After a time, I began to notice the coloration of the different layers in the limestone cliff across from me. At one time the land all around had been smooth and featureless, but the pressures of a growing world had stressed the rock at faults, and cliffs formed, and valleys dropped, leaving behind one of the most unusual environments in Missouri; framed by boulders, filled with rare ferns and flowers, creeks and springs and falls formed at sharp edges–truly a lost land amidst all the constant Missouri forest.
Fault lines. Funny that a word used to describe a geological wonder is also used to assign blame, to weep and wail at fate and fact. My difficult on hills was the fault of my knee; my knee was the fault of improper walking due to in injury to my ankle and foot; my injury was due to a fall on the hill.
But why stop there? My fall on the hill was the fault of my distraction. My distraction was the fault of one worry or another. My worries were the fault of a soft job market in St. Louis. My living in St. Lous was the fault of the dot-com industry going belly up in California, while the cost of living remained the same. This state of affairs was the fault of rampant greed, shallowly based on industries with little real worth. And on and on it goes, a spiral of blame and fault finding until eventually the whole world is at fault, in one way or another.
“What did you do Saturday, Shelley?”
“Well, I sat at the bottom of a cliff surrounded by hay-smelling ferns and rare wild azaleas in the middle of a slice of the Ozarks older than sin, and sweated gallons of water while my knee throbed and old Scottish ladies pranced by like bloody young lassies, shaking my fist at the sky and cursed the world.”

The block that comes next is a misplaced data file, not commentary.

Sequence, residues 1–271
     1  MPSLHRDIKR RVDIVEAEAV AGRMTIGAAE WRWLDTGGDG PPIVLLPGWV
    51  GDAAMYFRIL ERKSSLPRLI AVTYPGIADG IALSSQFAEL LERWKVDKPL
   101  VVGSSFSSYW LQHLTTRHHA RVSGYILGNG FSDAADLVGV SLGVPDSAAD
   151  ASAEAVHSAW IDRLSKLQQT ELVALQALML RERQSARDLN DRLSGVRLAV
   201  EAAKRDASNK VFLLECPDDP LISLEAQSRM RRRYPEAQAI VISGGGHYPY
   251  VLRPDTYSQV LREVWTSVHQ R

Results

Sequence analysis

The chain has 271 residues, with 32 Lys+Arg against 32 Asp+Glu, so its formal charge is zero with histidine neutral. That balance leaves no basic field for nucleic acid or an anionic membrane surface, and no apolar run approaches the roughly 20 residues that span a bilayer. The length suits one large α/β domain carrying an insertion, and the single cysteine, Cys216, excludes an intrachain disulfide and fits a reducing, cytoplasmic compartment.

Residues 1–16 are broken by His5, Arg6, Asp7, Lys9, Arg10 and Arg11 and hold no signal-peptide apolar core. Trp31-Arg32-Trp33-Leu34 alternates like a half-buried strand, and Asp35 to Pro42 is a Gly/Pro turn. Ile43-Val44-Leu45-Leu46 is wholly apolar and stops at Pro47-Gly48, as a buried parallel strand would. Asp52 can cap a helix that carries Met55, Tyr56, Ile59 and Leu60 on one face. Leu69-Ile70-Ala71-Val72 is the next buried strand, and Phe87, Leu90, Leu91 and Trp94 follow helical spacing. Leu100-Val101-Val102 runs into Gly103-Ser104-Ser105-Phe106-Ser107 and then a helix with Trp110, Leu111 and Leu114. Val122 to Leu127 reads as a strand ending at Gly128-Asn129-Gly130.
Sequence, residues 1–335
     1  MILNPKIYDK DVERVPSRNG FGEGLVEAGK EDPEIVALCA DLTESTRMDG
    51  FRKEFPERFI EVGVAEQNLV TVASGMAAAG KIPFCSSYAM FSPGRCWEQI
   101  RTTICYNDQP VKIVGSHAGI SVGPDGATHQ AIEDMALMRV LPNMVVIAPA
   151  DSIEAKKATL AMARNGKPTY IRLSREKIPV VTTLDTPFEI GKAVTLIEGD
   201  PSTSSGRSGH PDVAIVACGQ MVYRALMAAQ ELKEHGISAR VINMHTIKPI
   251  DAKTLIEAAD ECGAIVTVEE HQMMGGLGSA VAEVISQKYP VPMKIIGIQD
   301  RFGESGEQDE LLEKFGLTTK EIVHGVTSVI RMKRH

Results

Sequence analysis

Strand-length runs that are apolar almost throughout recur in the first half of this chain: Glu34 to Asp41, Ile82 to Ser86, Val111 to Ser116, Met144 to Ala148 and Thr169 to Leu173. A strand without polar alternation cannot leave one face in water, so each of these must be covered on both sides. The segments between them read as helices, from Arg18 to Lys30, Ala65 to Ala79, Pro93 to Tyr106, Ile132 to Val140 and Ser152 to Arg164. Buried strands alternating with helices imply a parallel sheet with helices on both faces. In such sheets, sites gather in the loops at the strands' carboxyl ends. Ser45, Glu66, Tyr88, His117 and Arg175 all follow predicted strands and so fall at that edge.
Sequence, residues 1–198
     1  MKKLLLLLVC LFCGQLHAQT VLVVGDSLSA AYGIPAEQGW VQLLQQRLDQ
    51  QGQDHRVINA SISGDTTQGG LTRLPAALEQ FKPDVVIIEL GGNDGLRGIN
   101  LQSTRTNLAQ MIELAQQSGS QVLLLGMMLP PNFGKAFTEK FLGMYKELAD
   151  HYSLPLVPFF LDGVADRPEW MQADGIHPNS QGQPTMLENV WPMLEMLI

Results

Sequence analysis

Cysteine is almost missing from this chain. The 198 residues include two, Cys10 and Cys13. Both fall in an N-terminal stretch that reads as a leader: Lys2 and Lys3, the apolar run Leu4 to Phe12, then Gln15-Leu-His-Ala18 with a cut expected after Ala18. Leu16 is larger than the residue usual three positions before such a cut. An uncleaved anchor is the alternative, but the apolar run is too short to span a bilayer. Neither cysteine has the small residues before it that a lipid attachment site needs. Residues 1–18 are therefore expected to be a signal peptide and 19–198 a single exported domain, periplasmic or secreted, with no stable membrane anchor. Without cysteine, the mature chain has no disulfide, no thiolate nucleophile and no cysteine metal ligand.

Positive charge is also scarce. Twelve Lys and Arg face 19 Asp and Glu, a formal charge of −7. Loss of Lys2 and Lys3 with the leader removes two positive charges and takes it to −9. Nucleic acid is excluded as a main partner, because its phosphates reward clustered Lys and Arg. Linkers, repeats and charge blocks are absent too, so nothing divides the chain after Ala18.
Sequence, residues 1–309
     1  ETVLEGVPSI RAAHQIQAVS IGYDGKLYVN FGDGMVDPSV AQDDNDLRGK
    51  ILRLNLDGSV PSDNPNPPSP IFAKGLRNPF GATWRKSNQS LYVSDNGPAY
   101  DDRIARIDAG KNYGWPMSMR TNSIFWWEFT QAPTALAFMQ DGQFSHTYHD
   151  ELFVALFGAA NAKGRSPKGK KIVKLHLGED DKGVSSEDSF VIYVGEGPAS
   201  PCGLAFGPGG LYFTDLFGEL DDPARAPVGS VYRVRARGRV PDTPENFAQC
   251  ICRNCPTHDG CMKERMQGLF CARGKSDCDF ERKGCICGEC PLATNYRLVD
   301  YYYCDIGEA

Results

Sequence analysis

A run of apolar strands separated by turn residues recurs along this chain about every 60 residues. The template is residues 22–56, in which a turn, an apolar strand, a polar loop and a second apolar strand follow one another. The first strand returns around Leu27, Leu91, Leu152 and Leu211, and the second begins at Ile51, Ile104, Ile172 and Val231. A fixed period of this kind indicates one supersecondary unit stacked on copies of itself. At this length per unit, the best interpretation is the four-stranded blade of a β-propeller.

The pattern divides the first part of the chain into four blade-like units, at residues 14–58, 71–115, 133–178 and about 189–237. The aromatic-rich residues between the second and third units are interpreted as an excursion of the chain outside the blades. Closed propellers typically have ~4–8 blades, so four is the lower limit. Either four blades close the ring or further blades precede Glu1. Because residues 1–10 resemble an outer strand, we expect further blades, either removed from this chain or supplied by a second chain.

“So, how about you?”
There was a crash in the bushes in the hill behind me, something much too large to be a squirrel and moving fast. I looked over in time to see a small red fox dash out about ten feet away and run, fast as it could across the path and down the hill towards the cliff. Following it, by a fairly long distance, was the darker of the two dogs I had met earlier, and behind it the other. They crashed off through the bushes until I couldn’t hear them any more.
I sat and looked after them for a time and then grabbed my stick and started up the trail. Eventually the younger dog came up behind me and trotted past, following the path up the hill.
I waited for the other one, the older one. Eventually he showed up on the trail behind me, limping a bit, and obviously tired. I called him by his name, but he wouldn’t approach me, but neither would he pass me. Figuring he was frightened of my walking stick, I started walking again and he followed.
I stopped now and again to rest my knee and look about, and as I did, the dog behind me also stopped. I walked, and he followed, and thus we made it up the hill, me first, the dog several paces back, both stopping at the same time, both footsore and panting from the heat, until we met up with his master. At that point, the dog bounded past me to a happy reunion, and the owner waved one more time at me, and yelled thanks and took off, while I made the rest of the way to the car.
When I got home, my roommate asked how my walk went.
“I saw a red fox. Not ten feet away from me, running away from a couple of dogs chasing it.”
“You saw a fox? I didn’t know there were fox in Missouri?”
“Yeah, a red fox. It was pretty cool really, but he was gone before I could get a photo.”
He shook his head, and said, “Too bad about the dogs chasing it. Stupid dogs.”
“The dogs were just doing what dogs do. It wasn’t the dogs’ fault.”
“It never is. ”